A noble cause, to be sure – at least to those who tend to over-indulge in the consumption of alcohol – but not necessarily worthy of a 300-plus page book.
Since the start of the 21st century, there has been a massive influx of books, blogs and think pieces by people who have taken up the mantle of a sort of lifestyle reporting that combines a series of extremes with humorous observations. Whether it be a year of strictly adhering to religious text, living completely off the grid or, in the case of Shaughnessy Bishop-Stall and his Hung Over: The Morning After and One Man’s Quest for the Cure, purposely subjecting himself to conditions that would result in extreme hangovers in hopes of stumbling onto some sort of cure for the age-old affliction. It’s a noble cause, to be sure – at least to those who tend to over-indulge in the consumption of alcohol – but not necessarily worthy of a 300-plus page book.
Bishop-Stall nails the self-deprecating tone so popular within this type of nonfiction writing and seems like a generally affable guy who enjoys copious amounts of alcohol on an almost daily basis (though not to the point of alcoholism, apparently) as part of his job as a freelance writer. His anecdotes are amusing (his descriptions of racing around a track in Las Vegas at more than 160-miles-per-hour while hungover/still drunk are particularly so) and his writing style is personable and easily accessible. The trouble is, there’s only so much you can write about the topic of being hungover and the quest to alleviate said hangover before you start repeating yourself, which is something he falls back on fairly early on in the book.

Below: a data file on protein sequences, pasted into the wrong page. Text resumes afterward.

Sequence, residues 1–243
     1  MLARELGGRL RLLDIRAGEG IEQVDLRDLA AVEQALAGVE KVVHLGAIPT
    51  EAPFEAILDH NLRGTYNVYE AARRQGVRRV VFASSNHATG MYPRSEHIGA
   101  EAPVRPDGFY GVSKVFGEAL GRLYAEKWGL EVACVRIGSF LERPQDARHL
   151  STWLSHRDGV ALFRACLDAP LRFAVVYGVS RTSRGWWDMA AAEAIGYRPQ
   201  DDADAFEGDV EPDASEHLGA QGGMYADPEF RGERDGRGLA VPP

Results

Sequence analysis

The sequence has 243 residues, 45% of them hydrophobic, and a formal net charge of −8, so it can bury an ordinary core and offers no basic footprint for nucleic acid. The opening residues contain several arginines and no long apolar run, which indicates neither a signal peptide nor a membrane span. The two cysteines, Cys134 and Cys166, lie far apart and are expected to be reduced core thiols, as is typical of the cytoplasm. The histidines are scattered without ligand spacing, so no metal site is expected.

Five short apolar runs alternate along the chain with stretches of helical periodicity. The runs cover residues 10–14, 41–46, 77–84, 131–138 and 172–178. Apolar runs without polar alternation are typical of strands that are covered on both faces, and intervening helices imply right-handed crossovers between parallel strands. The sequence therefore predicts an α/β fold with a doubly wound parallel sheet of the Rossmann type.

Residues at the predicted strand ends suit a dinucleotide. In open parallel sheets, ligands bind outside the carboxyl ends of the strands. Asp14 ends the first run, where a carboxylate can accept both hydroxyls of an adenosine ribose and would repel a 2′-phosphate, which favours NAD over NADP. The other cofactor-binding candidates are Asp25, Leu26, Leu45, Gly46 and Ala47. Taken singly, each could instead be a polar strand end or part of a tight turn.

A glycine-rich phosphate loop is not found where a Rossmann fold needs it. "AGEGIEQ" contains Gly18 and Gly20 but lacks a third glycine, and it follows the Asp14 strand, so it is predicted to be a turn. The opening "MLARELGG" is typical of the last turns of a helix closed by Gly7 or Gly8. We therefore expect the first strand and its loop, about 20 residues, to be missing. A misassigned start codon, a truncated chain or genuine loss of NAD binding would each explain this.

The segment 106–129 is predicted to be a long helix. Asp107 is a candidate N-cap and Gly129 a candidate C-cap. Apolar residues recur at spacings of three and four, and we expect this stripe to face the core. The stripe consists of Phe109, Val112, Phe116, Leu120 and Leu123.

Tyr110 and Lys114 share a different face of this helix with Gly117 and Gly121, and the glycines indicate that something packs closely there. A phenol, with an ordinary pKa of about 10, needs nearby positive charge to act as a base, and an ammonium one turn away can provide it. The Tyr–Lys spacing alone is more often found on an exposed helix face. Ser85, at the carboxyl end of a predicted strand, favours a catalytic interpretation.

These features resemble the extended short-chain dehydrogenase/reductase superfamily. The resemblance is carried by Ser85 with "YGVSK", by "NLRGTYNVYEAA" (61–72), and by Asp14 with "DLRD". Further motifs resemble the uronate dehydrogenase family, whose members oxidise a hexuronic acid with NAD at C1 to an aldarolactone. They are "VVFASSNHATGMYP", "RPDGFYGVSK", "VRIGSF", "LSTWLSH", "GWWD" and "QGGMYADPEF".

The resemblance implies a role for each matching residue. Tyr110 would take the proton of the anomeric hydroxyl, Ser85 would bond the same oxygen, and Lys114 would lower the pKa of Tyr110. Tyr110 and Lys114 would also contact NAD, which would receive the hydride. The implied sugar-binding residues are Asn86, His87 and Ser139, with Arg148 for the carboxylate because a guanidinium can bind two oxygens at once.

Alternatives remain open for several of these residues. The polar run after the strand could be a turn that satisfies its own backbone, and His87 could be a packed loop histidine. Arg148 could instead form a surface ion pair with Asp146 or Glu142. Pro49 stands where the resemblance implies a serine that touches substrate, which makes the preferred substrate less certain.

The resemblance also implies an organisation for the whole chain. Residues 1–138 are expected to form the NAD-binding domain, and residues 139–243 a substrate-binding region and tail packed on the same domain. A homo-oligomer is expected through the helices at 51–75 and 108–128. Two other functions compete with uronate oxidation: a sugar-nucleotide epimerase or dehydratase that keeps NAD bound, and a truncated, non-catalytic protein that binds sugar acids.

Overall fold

This approach makes Hung Over read like a long-winded, circular narrative related by a drunken friend that continuously circles back on itself unnecessarily. Plus, there are only so many ways in which you can describe a hangover before becoming increasingly redundant. So, Bishop-Stall interjects a series of anecdotes both historical and contemporary that deal both with the subject matter at hand and the more tangential subject of writing about writing about being hungover. The somewhat dubious nature of his research and its methods (i.e. drinking all the drinks all the time), he engages in a number of questioning interactions with friends, co-workers and medical practitioners.
Because of this, the more interesting bits are the historical asides dealing with the ubiquity of alcohol in Roman society, the literal and figurative Dark Ages and the corresponding punishments for drunkenness and the assorted “cures” tried by folks over the ages (powered human skull, anyone?) If anything, it shows that the more we evolve as a society, the more we remain fallibly human and susceptible to many a snake oil salesman in hopes of alleviating the effects of the damage we willing inflict on ourselves through the course of a night of drinking.
Throughout all of this, Bishop-Stall finds that, as man has found for several millennia, there is no sure-fire cure for a hangover short of not drinking at all. But that doesn’t stop him from trying all manner of folkloric cures, modern and often questionable tinctures, and a whole host of anecdotal remedies, everything from the ever-popular hair-of-the-dog to his own experiences with immersion in extremely cold water and the resulting mental clarity affords. Hung Over is a sporadically enjoyable romp through a series of salaciously drunken evenings and the resultant hellish mornings with an amiable guide willing to take anything and everything for the team, so to speak.